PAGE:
7.
Product and Process Comparisons
7.2. Comparisons based on data from one process


The testing of \(H_0\) for a single population mean 
Given a random sample of measurements, \(Y_1, \, \ldots, \, Y_N\),
there are three types of questions regarding the true standard
deviation of the population that can be addressed with the sample
data. They are:


Corresponding null hypotheses 
The corresponding null hypotheses that test the true standard
deviation, \(\sigma\),
against the nominal value, \(\sigma_0\),
are:


Test statistic  The basic test statistic is the chisquare statistic $$ \chi^2 = \frac{(N1)s^2}{\sigma_0^2} \, , $$ with \(N1\) degrees of freedom where \(s\) is the sample standard deviation; i.e., $$ s = \sqrt{\frac{1}{N1} \sum_{i=1}^N \left( Y_i  \bar{Y} \right)^2} \, . $$  
Comparison with critical values  For a test at significance level \(\alpha\), where \(\alpha\) is chosen to be small, typically 0.01, 0.05 or 0.10, the hypothesis associated with each case enumerated above is rejected if: $$ \begin{eqnarray} \mbox{1. } & \chi^2 \ge \chi^2_{1\alpha/2} \,\, \mbox{ or } \,\, \chi^2 \le \chi^2_{\alpha/2} \\ & \\ \mbox{2. } & \chi^2 \ge \chi^2_{1\alpha} \\ & \\ \mbox{3. } & \chi^2 \le \chi^2_{\alpha} \, , \\ \end{eqnarray} $$ where \(\chi^2_{\alpha/2}\) is the \(\alpha/2\) critical value from the chisquare distribution with \(N1\) degrees of freedom and similarly for cases (2) and (3). Critical values can be found in the chisquare table in Chapter 1.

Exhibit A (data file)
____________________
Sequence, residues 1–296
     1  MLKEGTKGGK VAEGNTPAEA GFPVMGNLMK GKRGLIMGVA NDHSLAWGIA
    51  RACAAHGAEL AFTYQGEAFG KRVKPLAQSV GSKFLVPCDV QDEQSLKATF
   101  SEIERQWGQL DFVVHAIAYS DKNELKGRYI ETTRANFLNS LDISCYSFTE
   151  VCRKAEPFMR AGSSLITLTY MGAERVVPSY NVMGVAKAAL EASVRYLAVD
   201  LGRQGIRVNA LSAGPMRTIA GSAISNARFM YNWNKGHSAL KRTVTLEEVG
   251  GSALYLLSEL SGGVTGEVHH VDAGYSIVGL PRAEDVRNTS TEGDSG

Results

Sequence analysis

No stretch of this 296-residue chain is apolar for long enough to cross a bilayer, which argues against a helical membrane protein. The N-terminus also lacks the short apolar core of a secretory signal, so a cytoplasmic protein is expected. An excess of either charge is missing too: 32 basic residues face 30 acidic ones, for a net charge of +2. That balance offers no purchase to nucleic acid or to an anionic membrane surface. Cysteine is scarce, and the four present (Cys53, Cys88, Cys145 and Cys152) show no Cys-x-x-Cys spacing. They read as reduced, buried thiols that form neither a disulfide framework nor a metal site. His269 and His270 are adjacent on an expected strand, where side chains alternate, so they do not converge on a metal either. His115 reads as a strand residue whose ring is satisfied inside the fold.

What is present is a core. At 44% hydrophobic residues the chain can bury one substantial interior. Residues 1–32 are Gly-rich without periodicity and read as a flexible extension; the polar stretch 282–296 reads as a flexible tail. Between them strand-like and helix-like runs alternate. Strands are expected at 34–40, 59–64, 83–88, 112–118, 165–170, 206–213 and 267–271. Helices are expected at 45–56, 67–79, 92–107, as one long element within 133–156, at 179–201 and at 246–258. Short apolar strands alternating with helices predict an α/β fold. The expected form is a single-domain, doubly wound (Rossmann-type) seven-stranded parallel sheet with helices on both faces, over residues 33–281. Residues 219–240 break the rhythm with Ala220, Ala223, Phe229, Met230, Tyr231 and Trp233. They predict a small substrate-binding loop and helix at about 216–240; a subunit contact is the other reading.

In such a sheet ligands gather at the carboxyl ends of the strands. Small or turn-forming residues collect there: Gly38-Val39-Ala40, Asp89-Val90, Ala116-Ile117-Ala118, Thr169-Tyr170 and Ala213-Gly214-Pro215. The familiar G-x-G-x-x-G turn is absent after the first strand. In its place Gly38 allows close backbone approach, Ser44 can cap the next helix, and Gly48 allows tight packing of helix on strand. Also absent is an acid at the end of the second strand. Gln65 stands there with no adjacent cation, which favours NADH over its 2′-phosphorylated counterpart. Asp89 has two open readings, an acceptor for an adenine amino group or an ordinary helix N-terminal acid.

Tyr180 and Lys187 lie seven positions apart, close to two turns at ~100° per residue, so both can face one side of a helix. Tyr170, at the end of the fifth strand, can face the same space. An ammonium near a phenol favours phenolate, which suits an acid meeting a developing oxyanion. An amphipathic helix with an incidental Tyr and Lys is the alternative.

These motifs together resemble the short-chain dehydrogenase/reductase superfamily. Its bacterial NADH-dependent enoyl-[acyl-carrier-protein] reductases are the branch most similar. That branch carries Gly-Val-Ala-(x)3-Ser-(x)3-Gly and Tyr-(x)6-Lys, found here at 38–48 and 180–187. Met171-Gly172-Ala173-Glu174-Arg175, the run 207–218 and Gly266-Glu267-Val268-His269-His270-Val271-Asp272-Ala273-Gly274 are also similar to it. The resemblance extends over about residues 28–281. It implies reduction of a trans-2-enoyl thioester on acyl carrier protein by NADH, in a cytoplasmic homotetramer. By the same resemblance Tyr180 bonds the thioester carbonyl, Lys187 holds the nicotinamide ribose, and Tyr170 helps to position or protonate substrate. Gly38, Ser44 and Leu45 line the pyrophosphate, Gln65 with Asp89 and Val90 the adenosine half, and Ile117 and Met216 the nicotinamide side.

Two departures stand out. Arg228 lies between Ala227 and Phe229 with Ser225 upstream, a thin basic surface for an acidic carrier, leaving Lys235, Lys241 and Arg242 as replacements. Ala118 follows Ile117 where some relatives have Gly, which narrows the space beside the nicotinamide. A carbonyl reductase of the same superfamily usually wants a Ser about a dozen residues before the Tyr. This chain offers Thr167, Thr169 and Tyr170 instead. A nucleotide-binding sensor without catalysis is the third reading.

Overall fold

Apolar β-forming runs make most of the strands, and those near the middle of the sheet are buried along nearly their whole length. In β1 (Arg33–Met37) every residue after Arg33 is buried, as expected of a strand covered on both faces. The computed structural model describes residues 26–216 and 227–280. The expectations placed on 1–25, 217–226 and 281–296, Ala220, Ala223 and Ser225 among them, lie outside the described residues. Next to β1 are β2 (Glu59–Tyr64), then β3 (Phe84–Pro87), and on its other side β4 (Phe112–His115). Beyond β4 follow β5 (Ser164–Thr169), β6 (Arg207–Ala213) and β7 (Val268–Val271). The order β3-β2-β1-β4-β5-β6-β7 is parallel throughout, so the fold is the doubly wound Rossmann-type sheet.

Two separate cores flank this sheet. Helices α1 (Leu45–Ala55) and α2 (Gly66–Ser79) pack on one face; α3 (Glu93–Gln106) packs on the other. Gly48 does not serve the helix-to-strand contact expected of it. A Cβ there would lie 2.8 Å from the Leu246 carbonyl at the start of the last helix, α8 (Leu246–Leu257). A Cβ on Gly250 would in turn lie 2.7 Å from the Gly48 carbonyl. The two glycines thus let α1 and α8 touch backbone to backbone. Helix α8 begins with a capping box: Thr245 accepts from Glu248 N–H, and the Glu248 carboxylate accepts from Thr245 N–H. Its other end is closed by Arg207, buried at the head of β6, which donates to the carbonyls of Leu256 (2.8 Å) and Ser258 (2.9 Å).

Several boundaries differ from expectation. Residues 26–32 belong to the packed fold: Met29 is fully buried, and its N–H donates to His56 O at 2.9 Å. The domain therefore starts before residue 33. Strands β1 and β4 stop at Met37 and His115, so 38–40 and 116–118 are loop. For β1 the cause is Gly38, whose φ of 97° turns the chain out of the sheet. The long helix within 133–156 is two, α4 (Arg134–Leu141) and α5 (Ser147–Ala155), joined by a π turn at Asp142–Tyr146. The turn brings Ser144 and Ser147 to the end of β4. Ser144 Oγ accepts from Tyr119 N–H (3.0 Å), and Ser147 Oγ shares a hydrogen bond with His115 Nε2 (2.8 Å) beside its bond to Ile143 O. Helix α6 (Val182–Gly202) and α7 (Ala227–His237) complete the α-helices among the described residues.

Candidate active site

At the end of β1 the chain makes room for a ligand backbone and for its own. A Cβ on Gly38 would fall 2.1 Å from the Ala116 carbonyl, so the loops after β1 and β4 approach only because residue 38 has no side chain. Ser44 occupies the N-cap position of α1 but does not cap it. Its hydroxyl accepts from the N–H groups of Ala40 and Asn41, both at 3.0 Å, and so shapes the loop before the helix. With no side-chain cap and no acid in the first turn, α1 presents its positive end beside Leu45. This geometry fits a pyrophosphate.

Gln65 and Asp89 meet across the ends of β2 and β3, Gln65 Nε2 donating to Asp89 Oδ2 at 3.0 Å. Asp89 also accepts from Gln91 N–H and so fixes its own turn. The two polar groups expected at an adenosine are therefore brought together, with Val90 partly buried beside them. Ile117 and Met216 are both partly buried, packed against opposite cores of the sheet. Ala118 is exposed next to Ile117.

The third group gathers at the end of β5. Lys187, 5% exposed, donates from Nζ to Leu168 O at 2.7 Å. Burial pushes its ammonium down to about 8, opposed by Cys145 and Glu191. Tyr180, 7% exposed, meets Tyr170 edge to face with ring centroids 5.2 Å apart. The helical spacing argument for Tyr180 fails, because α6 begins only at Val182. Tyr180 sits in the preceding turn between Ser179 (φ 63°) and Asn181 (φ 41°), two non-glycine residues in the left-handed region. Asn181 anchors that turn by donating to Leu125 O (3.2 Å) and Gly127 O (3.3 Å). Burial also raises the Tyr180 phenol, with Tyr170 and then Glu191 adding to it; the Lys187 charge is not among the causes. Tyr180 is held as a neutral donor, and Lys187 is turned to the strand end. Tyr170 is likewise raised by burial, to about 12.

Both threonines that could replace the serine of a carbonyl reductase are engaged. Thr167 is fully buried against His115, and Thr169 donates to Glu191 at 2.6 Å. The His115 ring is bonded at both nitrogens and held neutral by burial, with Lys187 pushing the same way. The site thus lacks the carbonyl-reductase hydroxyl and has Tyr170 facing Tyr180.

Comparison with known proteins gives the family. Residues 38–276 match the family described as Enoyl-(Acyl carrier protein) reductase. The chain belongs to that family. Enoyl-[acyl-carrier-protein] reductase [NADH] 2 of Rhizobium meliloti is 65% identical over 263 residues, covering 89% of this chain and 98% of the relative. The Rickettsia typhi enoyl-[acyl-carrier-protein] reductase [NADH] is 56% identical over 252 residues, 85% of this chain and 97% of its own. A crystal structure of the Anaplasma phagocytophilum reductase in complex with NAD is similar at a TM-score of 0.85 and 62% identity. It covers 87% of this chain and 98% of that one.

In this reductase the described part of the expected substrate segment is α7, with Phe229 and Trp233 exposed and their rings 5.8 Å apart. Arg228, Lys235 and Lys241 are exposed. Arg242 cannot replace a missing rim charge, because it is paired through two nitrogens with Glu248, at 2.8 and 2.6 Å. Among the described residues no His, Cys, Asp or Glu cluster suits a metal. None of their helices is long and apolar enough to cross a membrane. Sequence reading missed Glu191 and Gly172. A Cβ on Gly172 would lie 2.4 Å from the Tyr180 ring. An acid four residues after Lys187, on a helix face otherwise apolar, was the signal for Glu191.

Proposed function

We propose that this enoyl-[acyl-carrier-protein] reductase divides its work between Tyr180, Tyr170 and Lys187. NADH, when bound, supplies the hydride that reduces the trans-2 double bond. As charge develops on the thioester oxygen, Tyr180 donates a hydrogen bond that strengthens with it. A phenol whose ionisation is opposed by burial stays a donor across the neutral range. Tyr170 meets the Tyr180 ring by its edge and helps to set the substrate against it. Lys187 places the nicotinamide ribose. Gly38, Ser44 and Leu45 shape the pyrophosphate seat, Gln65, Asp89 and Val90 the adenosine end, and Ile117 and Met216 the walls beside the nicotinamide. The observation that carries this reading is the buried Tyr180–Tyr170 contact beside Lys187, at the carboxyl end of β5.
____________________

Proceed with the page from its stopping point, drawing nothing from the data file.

Warning  Because the chisquare distribution is a nonnegative, asymmetrical distribution, care must be taken in looking up critical values from tables. For twosided tests, critical values are required for both tails of the distribution.  
Example 
A supplier of 100 ohm^{.}cm silicon wafers claims that his
fabrication process can produce wafers with sufficient consistency
so that the standard deviation of resistivity for the lot does not
exceed 10 ohm^{.}cm. A sample of \(N\)
= 10 wafers taken
from the lot has a standard deviation of 13.97 ohm.cm. Is the
suppliers claim reasonable? This question falls under
null hypothesis (2) above. For a
test at significance level, \(\alpha\)
= 0.05, the test statistic,
$$ \chi^2 = \frac{(N1)s^2}{\sigma_0^2} = \frac{9(13.97)^2}{100} = 17.56\, , $$
is compared with the critical value, \(\chi_{0.95, \, 9}^2\)
= 16.92.
Since the test statistic (17.56) exceeds the critical value (16.92) of the chisquare distribution with 9 degrees of freedom, the manufacturer's claim is rejected.